The heart of a poet

Animation still of Indigenous woman crying.
A still from Heart Like a Pow Wow. Courtesy of Chief Lady Bird

Poet, musician and Indigenous law researcher Tara Williamson (JD ’10, MA ’10) has her words brought to the screen with the animated film Heart Like a Pow Pow.

Tara Williamson (she/her/they/them) is a singer and songwriter. Williamson (JD ’10, MA ’10) is a self-described “poet and provocateur, the spark that ignites the flame, from Winnipeg, by way of Peterborough and Victoria.” She is a member of Opaskwayak Cree Nation and was raised in Gaabishkigamaag (Swan Lake, Manitoba). Williamson also has close family ties to Beardy’s-Okemasis in Saskatchewan and is a newly adopted member in the House of Dhadhiyasila of the Haíɫzaqv Nation. She holds a law degree and a Master of Arts in Indigenous Governance from the University of Victoria and a social-work degree from the University of Manitoba.

Her poetry was recently brought to film in the animated series of Indigenous stories How to Lose Everything inspired by Christa Couture’s memoir of the same name. Heart Like a Pow Wow, directed by Chief Lady Bird, explores the depths of grief from an Anishinaabe perspective of love and family. The short can be viewed now on the free streaming service CBC Gem.

Find it here:

My art is influenced by every part of my life. I think my education has helped me be confident in centring Indigenous identity, politics, and culture in my work."
—Tara Williamson

Was Heart Like a Pow Wow your first venture into film? How did it feel to see your words brought to life on the screen?

I have participated in film projects in different ways over the years. As an activist and commentator, I was interviewed for the APTN documentary The Power Was With Us: Idle No More that is currently screening in different cities. I appeared as the songwriter/musician in Leanne Simpson’s music video, “Leaks,” directed by Cara Mumford. I was also featured in an episode of APTN’s series, Amplify, which was a short documentary that included a music video for my song, “Enfolding,” directed by Madison Thomas.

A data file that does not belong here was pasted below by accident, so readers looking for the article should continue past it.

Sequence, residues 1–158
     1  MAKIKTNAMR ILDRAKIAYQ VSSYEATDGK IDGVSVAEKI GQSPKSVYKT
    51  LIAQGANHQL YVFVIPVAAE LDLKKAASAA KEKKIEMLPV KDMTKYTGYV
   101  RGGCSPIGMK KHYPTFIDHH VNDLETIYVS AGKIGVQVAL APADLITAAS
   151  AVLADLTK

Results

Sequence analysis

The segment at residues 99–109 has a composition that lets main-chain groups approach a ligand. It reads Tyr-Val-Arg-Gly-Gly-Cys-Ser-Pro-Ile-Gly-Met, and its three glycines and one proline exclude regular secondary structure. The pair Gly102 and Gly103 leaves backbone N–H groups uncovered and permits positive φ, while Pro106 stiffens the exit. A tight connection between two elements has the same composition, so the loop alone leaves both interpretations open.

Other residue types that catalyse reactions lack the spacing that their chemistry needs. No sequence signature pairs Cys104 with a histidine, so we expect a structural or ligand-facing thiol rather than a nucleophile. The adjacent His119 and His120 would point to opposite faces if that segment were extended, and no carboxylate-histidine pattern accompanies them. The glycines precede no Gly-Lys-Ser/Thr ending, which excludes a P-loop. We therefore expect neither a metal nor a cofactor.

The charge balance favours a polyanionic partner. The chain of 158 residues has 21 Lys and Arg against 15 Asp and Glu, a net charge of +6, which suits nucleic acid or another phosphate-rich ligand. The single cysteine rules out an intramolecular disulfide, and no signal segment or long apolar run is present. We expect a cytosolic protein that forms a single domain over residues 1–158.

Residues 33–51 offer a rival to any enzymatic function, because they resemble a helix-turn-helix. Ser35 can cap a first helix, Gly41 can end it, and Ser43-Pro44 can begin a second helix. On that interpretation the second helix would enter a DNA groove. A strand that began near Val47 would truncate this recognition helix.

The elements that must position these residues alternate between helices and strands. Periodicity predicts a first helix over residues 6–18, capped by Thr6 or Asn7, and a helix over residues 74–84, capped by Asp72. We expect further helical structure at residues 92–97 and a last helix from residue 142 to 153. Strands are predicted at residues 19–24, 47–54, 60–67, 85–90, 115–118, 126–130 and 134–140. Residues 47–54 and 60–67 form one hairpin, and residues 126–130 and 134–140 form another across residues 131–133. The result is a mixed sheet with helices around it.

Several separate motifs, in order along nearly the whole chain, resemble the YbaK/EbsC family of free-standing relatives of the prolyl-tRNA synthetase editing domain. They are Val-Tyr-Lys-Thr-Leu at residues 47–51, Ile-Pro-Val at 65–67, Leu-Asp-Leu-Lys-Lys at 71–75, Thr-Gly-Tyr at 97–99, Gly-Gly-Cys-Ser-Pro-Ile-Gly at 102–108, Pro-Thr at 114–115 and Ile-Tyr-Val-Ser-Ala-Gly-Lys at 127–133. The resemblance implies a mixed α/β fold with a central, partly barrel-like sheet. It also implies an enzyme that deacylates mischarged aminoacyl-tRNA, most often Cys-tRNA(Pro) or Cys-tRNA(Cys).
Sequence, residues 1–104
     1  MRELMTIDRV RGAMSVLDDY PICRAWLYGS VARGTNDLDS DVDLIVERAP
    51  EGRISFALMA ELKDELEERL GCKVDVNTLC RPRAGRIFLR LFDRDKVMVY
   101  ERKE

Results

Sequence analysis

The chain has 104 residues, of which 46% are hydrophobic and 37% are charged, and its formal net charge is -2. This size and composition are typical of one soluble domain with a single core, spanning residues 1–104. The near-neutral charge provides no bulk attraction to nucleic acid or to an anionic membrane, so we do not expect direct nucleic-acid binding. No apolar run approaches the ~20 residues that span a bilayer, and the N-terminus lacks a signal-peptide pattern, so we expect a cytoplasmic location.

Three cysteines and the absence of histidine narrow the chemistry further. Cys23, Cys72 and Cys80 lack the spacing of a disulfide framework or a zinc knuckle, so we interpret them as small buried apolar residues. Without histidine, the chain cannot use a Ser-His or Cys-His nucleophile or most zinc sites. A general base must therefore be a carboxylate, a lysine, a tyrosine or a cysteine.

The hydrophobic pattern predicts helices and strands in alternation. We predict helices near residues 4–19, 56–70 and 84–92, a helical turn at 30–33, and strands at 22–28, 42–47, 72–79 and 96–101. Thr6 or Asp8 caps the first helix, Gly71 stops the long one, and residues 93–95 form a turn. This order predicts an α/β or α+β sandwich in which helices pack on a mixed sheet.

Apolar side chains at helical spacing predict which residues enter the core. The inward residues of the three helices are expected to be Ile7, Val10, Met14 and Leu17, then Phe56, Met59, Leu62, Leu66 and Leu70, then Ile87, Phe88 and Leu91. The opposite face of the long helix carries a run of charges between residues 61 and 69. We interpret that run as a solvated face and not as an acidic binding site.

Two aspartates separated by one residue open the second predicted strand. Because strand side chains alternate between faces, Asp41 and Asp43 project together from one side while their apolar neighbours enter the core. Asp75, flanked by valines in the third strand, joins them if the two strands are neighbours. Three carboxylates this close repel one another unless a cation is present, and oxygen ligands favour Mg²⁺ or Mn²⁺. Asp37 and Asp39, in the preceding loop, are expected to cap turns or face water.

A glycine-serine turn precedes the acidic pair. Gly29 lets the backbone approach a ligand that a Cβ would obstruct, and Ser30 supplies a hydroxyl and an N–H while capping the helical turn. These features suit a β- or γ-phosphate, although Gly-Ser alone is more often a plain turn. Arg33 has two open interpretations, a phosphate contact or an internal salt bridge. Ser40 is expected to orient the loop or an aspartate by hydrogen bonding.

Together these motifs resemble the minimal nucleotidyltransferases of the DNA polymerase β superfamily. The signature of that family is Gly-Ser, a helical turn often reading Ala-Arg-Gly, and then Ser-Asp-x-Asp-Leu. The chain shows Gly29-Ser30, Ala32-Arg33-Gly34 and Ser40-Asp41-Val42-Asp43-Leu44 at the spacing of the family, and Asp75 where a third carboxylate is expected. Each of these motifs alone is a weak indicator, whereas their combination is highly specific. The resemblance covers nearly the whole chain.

However, this is the first time I’m ever done an animated project that was based on my poetry. It has been a tremendous honour to witness the amount of work and heart that went into bringing these pieces to life. It feels overwhelming and a little surreal. Chief Lady Bird, in particular, captured so much of the emotion and messaging I was trying to convey. Working with her has been a gift.

Heart Like a Pow Wow memory still
Courtesy of Chief Lady Bird 

You composed, produced and performed the music as well. How did that process work?

I very loosely based the melodies of the music on some themes from traditional Anishinaabe songs. I want to really emphasize “loosely.” From there, Aidan Knight, the engineer and producer (and also an amazing Victoria-based singer-songwriter in his own right) recorded them with me on a grand piano at Michael and Margaret Asch’s residence. Aidan worked hard to fit the sections together so that they would fit each stanza for all the language translations/versions of the film—which was more challenging than we anticipated. He did such a great job. Additional sound design was done by the post-production company and those additions really brought the film to life.

Heart like a Pow Wow thunderbird still
Courtesy of Chief Lady Bird

You have a background in law and Indigenous governance from UVic. How does this inform your art?

My art is influenced by every part of my life. I think my education has helped me be confident in centering Indigenous identity, politics, and culture in my work. While it might not always be explicit or clearly evident, especially to non-Indigenous people, it is the fountainhead of all the things I create. I honed some of that confidence at UVic through the influence and support of peers and mentors in the Faculty of Law and Indigenous Governance.

Tara Williamson
Tara Williamson. Photo courtesy of Summer Faith Garcia at RezKat Studios

Where is home these days?

I live in Victoria on the traditional territory of the lək̓ʷəŋən people and SENĆOŦEN speaking peoples. I moved back in May of 2019 to take a job at the Indigenous Law Research Unit (ILRU) at UVic. I am currently the co-Research Director of ILRU (a position I share with Jessica Asch).

What are you working on now? 

ILRU takes up a lot of my time, but I’m not complaining. I love my work. Music wise, I am working on releasing a new single in the next couple of months and will be announcing a Victoria show in the near future. 

What is your daily writing life like?

I mostly write emails, lol. And, Indigenous law reports. But, I journal often and try to songwrite at least once a week. But, as I’ve been focusing on my work with ILRU, I have been less consistent with a daily creative-writing practice. But, I know that things come in cycles, so that will change again.

What do you like to do when you’re not writing or performing?

I am a very social creature. So, visiting with friends and family is my favourite pastime. And napping. I love napping.

Where can UVic alumni catch up with you and your work this year?

My website is—I’ll be updating it shortly with all of the new things. I’m on Instagram @epingishmook_nenookaasi and on Twitter

—Jenny Manzer, BA '97